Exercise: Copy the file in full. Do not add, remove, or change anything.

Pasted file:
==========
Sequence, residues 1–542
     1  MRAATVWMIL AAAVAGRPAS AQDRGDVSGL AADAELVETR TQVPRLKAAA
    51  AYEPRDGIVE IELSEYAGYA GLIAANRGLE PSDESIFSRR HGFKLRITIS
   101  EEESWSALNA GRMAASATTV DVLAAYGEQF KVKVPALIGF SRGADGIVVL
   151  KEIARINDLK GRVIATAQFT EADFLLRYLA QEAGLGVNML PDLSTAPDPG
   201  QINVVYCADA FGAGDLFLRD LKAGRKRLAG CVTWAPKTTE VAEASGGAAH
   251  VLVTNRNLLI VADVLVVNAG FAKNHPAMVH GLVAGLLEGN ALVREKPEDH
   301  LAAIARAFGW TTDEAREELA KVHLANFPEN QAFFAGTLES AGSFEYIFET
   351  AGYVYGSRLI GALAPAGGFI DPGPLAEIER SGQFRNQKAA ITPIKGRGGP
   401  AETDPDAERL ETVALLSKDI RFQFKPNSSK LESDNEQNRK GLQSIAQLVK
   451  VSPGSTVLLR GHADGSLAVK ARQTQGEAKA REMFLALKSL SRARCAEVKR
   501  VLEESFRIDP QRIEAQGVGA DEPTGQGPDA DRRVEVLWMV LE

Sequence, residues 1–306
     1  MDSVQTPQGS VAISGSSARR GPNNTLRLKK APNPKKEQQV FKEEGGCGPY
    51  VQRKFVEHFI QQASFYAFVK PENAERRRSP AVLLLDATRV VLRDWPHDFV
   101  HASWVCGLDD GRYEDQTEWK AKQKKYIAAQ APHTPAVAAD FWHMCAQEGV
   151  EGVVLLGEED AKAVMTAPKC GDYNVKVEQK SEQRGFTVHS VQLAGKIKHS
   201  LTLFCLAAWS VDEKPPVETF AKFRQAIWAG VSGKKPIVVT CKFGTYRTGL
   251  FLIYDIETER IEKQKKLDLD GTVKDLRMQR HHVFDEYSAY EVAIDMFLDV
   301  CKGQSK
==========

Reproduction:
Sequence, residues 1–542
     1  MRAATVWMIL AAAVAGRPAS AQDRGDVSGL AADAELVETR TQVPRLKAAA
    51  AYEPRDGIVE IELSEYAGYA GLIAANRGLE PSDESIFSRR HGFKLRITIS
   101  EEESWSALNA GRMAASATTV DVLAAYGEQF KVKVPALIGF SRGADGIVVL
   151  KEIARINDLK GRVIATAQFT EADFLLRYLA QEAGLGVNML PDLSTAPDPG
   201  QINVVYCADA FGAGDLFLRD LKAGRKRLAG CVTWAPKTTE VAEASGGAAH
   251  VLVTNRNLLI VADVLVVNAG FAKNHPAMVH GLVAGLLEGN ALVREKPEDH
   301  LAAIARAFGW TTDEAREELA KVHLANFPEN QAFFAGTLES AGSFEYIFET
   351  AGYVYGSRLI GALAPAGGFI DPGPLAEIER SGQFRNQKAA ITPIKGRGGP
   401  AETDPDAERL ETVALLSKDI RFQFKPNSSK LESDNEQNRK GLQSIAQLVK
   451  VSPGSTVLLR GHADGSLAVK ARQTQGEAKA REMFLALKSL SRARCAEVKR
   501  VLEESFRIDP QRIEAQGVGA DEPTGQGPDA DRRVEVLWMV LE

Sequence, residues 1–306
     1  MDSVQTPQGS VAISGSSARR GPNNTLRLKK APNPKKEQQV FKEEGGCGPY
    51  VQRKFVEHFI QQASFYAFVK PENAERRRSP AVLLLDATRV VLRDWPHDFV
   101  HASWVCGLDD GRYEDQTEWK AKQKKYIAAQ APHTPAVAAD FWHMCAQEGV
   151  EGVVLLGEED AKAVMTAPKC GDYNVKVEQK SEQRGFTVHS VQLAGKIKHS
   201  LTLFCLAAWS VDEKPPVETF AKFRQAIWAG VSGKKPIVVT CKFGTYRTGL
   251  FLIYDIETER IEKQKKLDLD GTVKDLRMQR HHVFDEYSAY EVAIDMFLDV
   301  CKGQSK